Kejriwal vs LG tussle: AAP govt withdraws suit in SC for demarcating powers

Kejriwal vs LG tussle:  AAP govt withdraws suit in SC for demarcating powers

Three days after the Supreme Court accused the Delhi’s Kejriwal government of attempting to initiate parallel proceedings on the issue of its ongoing tussle with the Lt Governor over sharing of powers, the AAP government today withdrew the suit on the subject.

Informing the bench headed by Justice A K Sikri that it was withdrawing the suit, senior advocate and former ASG Indira Jaising who represented the Delhi government requested liberty to raise the same issues with the SLP which it has already filed “if the cause of action arose”. The bench allowed the plea.

“We have filed six SLPs. Now we have taken a decision to withdraw the suit with liberty to raise the issues along with the SLP”, Jaising told the bench at the outset.

The rap had earlier come when the government insisted on hearing of the pending suit while it is set to file an appeal against the Delhi High Court order which had ruled that LG was the administrative head of the capital and was not bound by the aid and advice of the chief minister or council of ministers.

A bench of Justice A K Sikri and justice N V Ramana had on August 29 asked the government why it was not withdrawing the suit when it had decided to file an SLP against HC order soon. Delhi government counsel then urged some more time for filing the SLP and sought adjournment of the suit hearing which was granted. The next hearing will be coming Friday.

Even while its plea in Delhi High Court was pending, Delhi government moved the apex court under a rarely invoked provision - Article 131 of the Constitution - which vests exclusive jurisdiction with the Supreme Court over disputes between states of the Union and between the Union and its states.

Jaising had earlier said the government was keeping the petition live as the primary question they want the apex court to answer is whether the dispute between AAP-Centre was a federal dispute coming under Article 131 of the Constitution.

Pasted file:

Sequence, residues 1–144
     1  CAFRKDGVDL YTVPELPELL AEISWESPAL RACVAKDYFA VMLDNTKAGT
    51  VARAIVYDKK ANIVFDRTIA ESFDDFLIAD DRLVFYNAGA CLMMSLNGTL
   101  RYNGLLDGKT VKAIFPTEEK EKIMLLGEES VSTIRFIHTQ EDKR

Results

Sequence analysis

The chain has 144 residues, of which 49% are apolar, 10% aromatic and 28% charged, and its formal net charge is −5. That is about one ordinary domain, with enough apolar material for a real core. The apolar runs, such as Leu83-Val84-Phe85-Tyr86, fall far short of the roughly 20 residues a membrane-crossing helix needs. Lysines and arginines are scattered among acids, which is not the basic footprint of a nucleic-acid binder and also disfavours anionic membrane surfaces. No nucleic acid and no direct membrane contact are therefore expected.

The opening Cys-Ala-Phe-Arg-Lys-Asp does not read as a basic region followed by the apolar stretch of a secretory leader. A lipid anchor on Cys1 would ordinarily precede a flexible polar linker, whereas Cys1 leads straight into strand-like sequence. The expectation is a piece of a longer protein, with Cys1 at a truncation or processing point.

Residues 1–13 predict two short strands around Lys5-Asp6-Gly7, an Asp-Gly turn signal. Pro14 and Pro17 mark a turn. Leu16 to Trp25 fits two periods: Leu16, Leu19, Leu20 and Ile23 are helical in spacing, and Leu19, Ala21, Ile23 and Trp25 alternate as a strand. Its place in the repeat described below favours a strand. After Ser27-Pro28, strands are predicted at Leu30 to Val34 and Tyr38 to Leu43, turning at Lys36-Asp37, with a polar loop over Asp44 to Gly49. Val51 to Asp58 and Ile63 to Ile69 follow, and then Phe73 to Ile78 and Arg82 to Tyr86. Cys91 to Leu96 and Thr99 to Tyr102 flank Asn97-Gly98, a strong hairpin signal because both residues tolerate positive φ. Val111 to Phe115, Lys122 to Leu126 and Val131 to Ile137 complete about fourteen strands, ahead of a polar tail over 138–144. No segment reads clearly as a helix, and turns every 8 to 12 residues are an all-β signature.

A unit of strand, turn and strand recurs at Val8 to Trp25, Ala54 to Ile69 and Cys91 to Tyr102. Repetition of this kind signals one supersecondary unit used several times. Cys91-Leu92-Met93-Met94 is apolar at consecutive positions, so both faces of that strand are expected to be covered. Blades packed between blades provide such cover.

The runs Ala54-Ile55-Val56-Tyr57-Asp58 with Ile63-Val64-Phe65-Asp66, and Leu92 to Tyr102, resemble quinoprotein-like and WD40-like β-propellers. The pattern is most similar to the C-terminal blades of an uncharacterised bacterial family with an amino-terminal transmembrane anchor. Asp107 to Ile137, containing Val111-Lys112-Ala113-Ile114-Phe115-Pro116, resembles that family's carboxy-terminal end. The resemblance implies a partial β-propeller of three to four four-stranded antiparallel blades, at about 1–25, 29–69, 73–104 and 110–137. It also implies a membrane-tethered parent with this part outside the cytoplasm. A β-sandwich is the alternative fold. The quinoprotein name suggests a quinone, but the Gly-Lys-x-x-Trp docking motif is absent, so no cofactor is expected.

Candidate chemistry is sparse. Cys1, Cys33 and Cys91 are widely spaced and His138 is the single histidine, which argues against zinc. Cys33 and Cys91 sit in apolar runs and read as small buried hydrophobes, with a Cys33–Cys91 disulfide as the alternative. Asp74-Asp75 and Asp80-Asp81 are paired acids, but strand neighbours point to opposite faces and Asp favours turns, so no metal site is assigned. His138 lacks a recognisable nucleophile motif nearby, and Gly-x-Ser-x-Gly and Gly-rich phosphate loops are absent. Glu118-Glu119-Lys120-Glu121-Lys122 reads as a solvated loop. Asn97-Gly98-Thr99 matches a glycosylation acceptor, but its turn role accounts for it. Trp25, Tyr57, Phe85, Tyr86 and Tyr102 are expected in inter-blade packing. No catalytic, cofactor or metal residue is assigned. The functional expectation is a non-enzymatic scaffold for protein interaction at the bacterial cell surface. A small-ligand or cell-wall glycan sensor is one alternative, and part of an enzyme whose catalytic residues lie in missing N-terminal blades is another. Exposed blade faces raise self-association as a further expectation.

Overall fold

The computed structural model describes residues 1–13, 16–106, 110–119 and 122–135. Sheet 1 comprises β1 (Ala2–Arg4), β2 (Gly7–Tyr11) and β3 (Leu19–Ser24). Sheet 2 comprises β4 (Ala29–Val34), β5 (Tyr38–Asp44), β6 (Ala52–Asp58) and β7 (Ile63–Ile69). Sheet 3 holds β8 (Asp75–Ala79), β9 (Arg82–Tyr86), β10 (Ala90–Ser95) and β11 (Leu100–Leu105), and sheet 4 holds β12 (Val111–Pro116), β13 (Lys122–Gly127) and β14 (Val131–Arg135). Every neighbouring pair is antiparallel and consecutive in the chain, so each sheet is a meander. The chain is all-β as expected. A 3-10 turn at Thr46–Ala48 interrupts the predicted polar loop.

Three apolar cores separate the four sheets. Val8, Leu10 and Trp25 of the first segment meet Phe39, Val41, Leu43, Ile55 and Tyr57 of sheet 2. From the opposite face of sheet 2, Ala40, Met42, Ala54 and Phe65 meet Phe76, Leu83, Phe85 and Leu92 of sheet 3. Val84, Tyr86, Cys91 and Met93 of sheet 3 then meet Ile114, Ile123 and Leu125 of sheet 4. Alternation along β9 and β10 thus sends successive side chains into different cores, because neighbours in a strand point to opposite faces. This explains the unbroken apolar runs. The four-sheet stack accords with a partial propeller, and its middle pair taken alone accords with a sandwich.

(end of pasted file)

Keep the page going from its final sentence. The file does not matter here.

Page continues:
She went on to contend that the HC order was “invalid” as under article 131, only the apex court had the jurisdiction to adjudicate disputes between Centre and a state.

But it is to be noted that HC bench headed by Chief Justice G Rohini had dealt with this issue also. It dismissed the Delhi government's claim that this is a 'federal dispute', saying the political wrangle between the Centre and AAP government is only a tussle over “services” issues which does not attract Article 131 of the Constitution.

WHAT THE  APPEAL STATES

The HC had ruled that LG was the administrative head of the capital and was not bound by the aid and advice of the chief minister or council of ministers.

The Kejriwal government in its appeal said HC verdict subverted the democratic governance structure put by a constitutional arrangement which recognises Delhi as a state with an elected assembly.


It said if the Governor was the boss in terms of governance and decision-making process, then Parliament in its wisdom would not have provided for a council of ministers headed by a chief minister, who were answerable to the legislative assembly

The AAP said if an elected government did not have control over the mechanism to weed out corruption through the Anti-Corruption Branch (ACB), then its functioning would be ridiculed by the people who had given it the mandate to govern for five years.

Kejriwal government said it was a settled constitutional principle that the figurative head of a state, like governor or LG, was bound by the decision of the council of ministers headed by the CM. But the HC chose to tread a new constitutional path and declared that the LG had the discretion whether or not to heed the council of ministers.